UK Research and Innovation (UKRI) has launched a refreshed brand image which looks to create a cohesive identity across its nine constituent bodies.
UKRI was created last year after the Higher Education and Research Act was passed by the UK government. It brought together seven research councils, including the Arts and Humanities Research Council and Medical Research Council, along with Research England and Innovate UK. Collectively, it is now responsible for over £7 billion worth of investment each year.
Led by the London team of global creative consultancy Dragon Rouge, the refresh project aimed to explain the relationship between the numerous and wide-ranging bodies. “Ultimately we were tasked with creating the UKRI family,” says Dragon Rouge creative director Becky King.
With so many different constituent parts to represent, the team took careful consideration for “where the brand would actually live”. King says the finished product has been developed with extensive input from staff and board members.
According to King, the starting point for the project was to identify and act sensitively around what was already strong about each individual council. “There were councils that had really strong existing reputations, so we had to be mindful of things like acronyms, colours and imagery,” she says.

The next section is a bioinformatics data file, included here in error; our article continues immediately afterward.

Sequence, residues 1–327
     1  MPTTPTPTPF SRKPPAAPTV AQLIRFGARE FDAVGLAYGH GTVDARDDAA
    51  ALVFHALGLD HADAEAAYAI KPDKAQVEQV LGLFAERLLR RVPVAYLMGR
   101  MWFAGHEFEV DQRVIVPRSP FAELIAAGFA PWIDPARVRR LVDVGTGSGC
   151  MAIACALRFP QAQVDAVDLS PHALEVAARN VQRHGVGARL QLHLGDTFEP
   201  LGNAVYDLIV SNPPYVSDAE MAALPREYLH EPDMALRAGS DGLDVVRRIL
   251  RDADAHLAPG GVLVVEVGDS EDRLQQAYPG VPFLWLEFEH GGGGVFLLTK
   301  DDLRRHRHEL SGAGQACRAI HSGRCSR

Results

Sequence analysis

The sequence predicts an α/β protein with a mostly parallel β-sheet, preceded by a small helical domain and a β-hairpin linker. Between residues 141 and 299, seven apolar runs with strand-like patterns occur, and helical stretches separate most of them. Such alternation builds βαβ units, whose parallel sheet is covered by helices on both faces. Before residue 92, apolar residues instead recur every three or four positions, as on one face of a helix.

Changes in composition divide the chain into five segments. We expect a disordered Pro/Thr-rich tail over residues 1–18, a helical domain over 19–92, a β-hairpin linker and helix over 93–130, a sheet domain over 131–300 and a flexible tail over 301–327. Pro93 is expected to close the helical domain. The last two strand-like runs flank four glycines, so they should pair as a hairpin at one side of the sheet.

The new look sees the core UKRI logo divided into nine closely cropped parts. These have then been adopted as colourful logos by the constituent councils. The old brand comprised unrelated and disjointed logos representing each of the councils.
The new common design system also includes the use of a bright, expanded colour palette. The wider range of colours is intended to represent the “range and breadth of UKRI expertise” and should be used in “bold and surprising combinations,” according to new brand guidelines.
One of the many aims of the project was to appeal to people beyond academia. “Although the immediate audiences of the separate councils are academics and researchers, ultimately we wanted to get the public more interested as well,” says King.
This has been attempted in several different ways. For the first time, animations have been created as part of the branding, which the team believe brings a “dynamic effect”. This will preface digital outputs from the councils.
Additionally, King notes, “end impact photography” has been employed rather than traditional imagery (pipettes and test tubes, for example) which helps show the impact of the councils’ work on the public, rather than in the abstract.
“We really just wanted to make sure UKRI branding had the confidence it needs to feel proud about the stories it has to tell,” King adds. “The whole concept was about knowledge with impact.”
The branding will now be phased into usage, with UKRI saying it is particularly mindful of the sustainability of the move. It says it will “ensure that assets, such as printed material carrying the previous identity, are not wasted.”